I would like to know please if there is any habitable exoplanet close to Earth.

  • 4
    $\begingroup$ Habitable, in the context of exoplanets, means "terrestrial and water could exist in liquid form". It does not mean we could actually live there. It doesn't mean that there is actual water, or oxygen, or an atmosphere. There are three "habitable" planets in the solar system, But you couldn't live on Venus $\endgroup$
    – James K
    Commented Mar 4, 2018 at 8:58
  • 2
    $\begingroup$ There's no such thing as "close" when you're talking other star systems. Even the closest star system, 4.2 light years away is ridiculously far. $\endgroup$
    – userLTK
    Commented Mar 4, 2018 at 13:30
  • $\begingroup$ Yes, but potentially habitable. The closest potentially habitable exoplanets are Proxima b, Ross 128 b, Gliese 273 b, Gliese 3323 b and Gliese 667 C c. Here you can find a video about them: youtube.com/… $\endgroup$ Commented Mar 6, 2018 at 20:45
  • 1
    $\begingroup$ I think this is a perfectly reasonable question, it doesn't deserve down-votes. An exoplanet is, by definition, outside our own solar system, so "close" is easily understandable as meaning something like "nearby", i.e. in the stellar "neighbourhood". I'm sure we all realise that interstellar distances are big. Anyway, I've posted a comprehensive answer which SE readers might find useful as a summary. $\endgroup$ Commented Mar 9, 2018 at 1:57

2 Answers 2


Habitability is related to size or mass (i.e. likely to have a rocky composition and maintain surface water), and distance from the host star (the “habitable zone” – not too hot, not too cold – which depends on stellar temperature and stellar flux). The Planetary Habitability Laboratory (University of Puerto Rico at Arecibo) publishes a catalog of potentially habitable exoplanets.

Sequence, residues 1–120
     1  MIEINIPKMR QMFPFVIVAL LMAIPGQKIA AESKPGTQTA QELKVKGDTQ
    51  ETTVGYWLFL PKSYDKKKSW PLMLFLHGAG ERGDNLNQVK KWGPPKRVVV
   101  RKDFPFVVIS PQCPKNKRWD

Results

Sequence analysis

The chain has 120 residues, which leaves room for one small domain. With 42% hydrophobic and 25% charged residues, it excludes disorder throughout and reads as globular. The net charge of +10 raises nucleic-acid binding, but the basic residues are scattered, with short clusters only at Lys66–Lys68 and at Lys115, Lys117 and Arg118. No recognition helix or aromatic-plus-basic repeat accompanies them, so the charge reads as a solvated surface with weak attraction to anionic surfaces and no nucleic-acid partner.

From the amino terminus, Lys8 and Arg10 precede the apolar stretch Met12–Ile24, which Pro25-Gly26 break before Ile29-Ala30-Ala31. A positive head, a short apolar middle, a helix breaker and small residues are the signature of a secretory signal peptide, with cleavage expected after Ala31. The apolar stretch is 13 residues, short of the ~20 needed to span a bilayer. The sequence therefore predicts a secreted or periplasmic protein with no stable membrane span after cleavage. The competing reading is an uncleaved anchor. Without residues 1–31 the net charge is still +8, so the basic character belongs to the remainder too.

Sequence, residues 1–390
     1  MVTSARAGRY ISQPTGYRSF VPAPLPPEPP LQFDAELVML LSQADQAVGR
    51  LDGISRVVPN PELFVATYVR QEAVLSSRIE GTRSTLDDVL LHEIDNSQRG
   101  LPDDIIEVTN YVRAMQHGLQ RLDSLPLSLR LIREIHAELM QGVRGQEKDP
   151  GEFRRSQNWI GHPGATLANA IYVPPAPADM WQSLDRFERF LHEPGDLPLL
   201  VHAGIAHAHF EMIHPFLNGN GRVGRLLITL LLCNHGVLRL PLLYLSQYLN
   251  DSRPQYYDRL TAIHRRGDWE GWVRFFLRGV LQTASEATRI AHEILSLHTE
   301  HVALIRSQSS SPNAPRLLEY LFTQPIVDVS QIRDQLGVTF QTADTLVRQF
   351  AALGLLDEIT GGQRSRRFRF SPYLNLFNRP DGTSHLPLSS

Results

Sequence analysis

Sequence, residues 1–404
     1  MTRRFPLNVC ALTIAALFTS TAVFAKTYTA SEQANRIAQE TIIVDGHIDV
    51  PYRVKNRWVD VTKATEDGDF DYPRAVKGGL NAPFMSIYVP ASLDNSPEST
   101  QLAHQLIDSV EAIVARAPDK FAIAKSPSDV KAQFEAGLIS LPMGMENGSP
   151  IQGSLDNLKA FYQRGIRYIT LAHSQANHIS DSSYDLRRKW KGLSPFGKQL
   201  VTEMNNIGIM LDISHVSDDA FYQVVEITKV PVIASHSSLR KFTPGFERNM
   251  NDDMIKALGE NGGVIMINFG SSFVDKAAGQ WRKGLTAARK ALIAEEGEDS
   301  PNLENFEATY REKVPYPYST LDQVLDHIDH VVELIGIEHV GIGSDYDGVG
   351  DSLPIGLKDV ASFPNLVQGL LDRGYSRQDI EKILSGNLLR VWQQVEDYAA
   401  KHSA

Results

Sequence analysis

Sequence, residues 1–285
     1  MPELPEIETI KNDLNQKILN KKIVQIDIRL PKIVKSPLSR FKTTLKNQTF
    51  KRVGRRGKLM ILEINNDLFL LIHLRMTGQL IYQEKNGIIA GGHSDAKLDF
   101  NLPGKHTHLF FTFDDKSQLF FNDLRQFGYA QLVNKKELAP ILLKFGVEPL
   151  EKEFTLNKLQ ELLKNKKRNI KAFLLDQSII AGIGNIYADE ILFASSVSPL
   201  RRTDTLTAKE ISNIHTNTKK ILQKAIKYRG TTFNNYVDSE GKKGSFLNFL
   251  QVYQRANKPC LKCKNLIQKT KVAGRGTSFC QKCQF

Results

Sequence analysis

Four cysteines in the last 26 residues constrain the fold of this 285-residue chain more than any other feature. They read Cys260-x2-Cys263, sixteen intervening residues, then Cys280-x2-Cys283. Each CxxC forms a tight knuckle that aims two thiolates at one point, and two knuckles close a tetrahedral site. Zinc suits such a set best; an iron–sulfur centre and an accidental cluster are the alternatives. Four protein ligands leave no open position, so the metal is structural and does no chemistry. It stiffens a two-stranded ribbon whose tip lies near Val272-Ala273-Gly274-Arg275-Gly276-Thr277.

The PHL catalogue is divided into two lists. The first list covers the “conservative” habitable zone, where the combination of stellar temperature and flux is optimal (equivalent to an orbit between Earth and Mars around a Sun-like star). Exoplanets are also given an ESI (Earth Similarity Index) rating, a measure of how similar the planet is to the stellar flux, mass, and radius of Earth (Earth = 1.0).

As at March 2018 there are only 10 confirmed exoplanets within the conservative habitable zone, the closest (in order) being:

After these 6, the next nearest in the list is Kepler-186 f at a distance of over 561 ly.

Note that while Proxima b might be “in the zone”, it’s unlikely to be habitable. At only 7 million km from its host star (compare with Mercury, 46 million km from the Sun at perihelion), it’s likely to be tidally locked, restricting any habitable area to a thin border wedge between the two extreme regions. It also receives 400 times more X-ray radiation than the Earth; and the stellar wind pressure is 2000 times that of Earth, sufficient to blow away any atmosphere. Not an ideal candidate to look for life!

Kapteyn b (12.8 ly) is in PHL’s conservative list and at 12.8 ly would be the 4th closest habitable planet, but PHL lists it as “unconfirmed”, as recent research has cast doubt on its existence: Robertson, Mahadevan & Roy (2015) concluded that "Kapteyn b is not a planet in the Habitable Zone, but an artifact of stellar activity."

PHL’s second list covers exoplanets that are a bit less likely to be habitable, either because they are less able to maintain surface liquid water due to their composition (based on size/mass), or because they’re in a less hospitable orbit (the “optimistic habitable zone”). There are 33 confirmed exoplanets in this list, the closest being:


There are some possible planets in the Trappist-1 solar system. Particularly planet 1e looks to be in the habitable zone but we won't know until the Webb telescope is launched next year.

Close to Earth is a relative term, Trappist 1 is about 40 light years away.


You must log in to answer this question.